Will virtual events go away once face-to-face comes back?
Last week, I participated in EventMB’s Virtual Event Tech Day, an interactive gathering of 20 experts brought together to address the questions we all have about the future of events.
I opened the event and the question I was given was: Will virtual go away once live comes back?
To predict what will happen tomorrow, we have to understand the global value of the meeting and events industry today, which was estimated to be $840 billion in 2019. Without venues, vendors, travel, hotel room blocks, live sponsorships, and so much more, that figure is greatly reduced. However, the pandemic made people realize just how important events are.
Over the past several months, many have recognized:
events and meetings make the world go ’round,
events fulfill their need for human interaction; and
dreaded work meetings were actually pivotal to our social needs.
Thus, when the time comes, live events will indeed return—with a vengeance.
The Shape of the Recovery
Economists often talk about letter-based shapes when referring to what economic recovery might look like: V, U, W, l, and the latest: K. The event industry’s recovery will follow that of the economy, though it won’t be a mirror image. It will follow in its shadow.
Unlike the immediacy of the shutdown live events experienced earlier this year, their return to pre-pandemic normalcy won’t be as rapid. Rather, it will be slow and regional, reflecting the requirements and risk profiles of various event categories (consumer, MICE, SMERF) and industries (tech, real estate, etc.).
But once we do reach total recovery—a point at which the economy has picked up and everyone feels safe to attend a live gathering—the events industry will soar.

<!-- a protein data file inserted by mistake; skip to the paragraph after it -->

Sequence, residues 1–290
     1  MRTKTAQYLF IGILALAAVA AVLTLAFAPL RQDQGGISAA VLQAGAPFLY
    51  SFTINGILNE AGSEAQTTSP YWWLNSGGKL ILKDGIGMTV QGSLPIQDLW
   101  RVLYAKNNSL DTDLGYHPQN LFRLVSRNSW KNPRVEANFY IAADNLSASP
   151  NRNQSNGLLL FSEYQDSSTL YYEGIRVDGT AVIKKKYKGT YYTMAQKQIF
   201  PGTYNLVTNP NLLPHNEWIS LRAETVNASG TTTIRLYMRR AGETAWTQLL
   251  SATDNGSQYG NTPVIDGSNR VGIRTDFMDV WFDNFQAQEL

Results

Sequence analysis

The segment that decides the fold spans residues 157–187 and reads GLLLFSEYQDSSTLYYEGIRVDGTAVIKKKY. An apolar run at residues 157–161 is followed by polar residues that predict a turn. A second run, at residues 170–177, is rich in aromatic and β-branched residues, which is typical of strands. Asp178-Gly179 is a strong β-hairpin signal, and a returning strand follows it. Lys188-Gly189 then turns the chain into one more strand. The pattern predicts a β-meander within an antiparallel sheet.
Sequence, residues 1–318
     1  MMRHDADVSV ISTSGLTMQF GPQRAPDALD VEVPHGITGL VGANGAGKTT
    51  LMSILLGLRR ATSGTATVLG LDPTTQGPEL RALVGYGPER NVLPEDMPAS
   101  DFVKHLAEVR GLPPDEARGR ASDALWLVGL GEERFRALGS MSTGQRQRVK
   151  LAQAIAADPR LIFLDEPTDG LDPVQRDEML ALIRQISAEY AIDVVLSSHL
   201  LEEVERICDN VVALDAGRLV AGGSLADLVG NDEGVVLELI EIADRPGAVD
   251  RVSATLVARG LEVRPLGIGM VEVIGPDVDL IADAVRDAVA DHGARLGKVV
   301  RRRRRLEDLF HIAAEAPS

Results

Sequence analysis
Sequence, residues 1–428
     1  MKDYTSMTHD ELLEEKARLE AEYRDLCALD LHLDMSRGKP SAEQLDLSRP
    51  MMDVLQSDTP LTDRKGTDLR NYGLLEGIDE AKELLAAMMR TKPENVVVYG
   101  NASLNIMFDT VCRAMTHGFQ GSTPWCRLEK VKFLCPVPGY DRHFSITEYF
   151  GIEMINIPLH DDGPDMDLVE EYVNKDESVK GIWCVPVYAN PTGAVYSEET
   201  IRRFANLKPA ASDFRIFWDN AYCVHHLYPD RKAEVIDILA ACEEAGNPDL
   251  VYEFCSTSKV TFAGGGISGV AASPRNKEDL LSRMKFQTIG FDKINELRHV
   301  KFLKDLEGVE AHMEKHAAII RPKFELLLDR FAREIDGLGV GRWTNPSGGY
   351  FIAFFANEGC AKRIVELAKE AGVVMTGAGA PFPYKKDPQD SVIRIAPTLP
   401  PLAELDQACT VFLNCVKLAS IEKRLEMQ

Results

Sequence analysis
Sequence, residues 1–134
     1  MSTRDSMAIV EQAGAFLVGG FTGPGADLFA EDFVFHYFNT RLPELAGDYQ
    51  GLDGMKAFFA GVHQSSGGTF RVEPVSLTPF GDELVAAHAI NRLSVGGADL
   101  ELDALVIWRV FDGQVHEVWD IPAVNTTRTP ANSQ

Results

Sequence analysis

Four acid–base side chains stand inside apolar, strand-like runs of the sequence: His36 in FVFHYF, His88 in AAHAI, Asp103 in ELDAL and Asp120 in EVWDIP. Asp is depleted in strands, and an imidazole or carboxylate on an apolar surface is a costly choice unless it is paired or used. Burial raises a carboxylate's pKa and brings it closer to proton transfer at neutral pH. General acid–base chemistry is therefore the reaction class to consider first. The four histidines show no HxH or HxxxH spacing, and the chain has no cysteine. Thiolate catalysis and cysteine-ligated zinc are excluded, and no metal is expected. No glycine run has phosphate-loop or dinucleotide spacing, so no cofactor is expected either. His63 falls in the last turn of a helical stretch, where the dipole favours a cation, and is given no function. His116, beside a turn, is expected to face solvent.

What Does the Future Look Like?
So, what does that bright future look like, and what role will virtual play? The pandemic has actually given us a dress rehearsal of sorts.
First off, we’ve learned that virtual does work. Frankly, I’m surprised that it took marketers and executives alike so long to realize that it’s the solution for most of their programs. Moreover, for some events, it’s actually even better than a live alternative.
Take last Tuesday’s Apple event, for example. Without the need to control a live audience, combined with the opportunity to use mostly pre-recorded material, the event’s organizers were able to pack in more content, more speakers, and more visuals in less time.
The benefits of virtual events extend to much smaller environments as well. In the virtual workplace, there’s less small talk and lingering, as well as fewer technical issues without the need to coordinate hybrid communications. And while we’re saving time at work, we’re actually putting in more of it according to the National Bureau of Economic Research, which reports that workdays have increased by about 48 minutes on average. That increased productivity carries with it the potential for a GDP increase.
You can see that every person who plans an event—note that I didn’t say “event planner”—now has more arrows (in the form of virtual tools) in their quiver, allowing them to deliver their programs in the best possible format and hit their targets.
In summary, despite the pandemic’s tragic circumstances, it has re-skilled us all. We now have more avenues for connection, which means event attendees will have more options as to how to spend their time. The result? Richer, more productive experiences for everyone.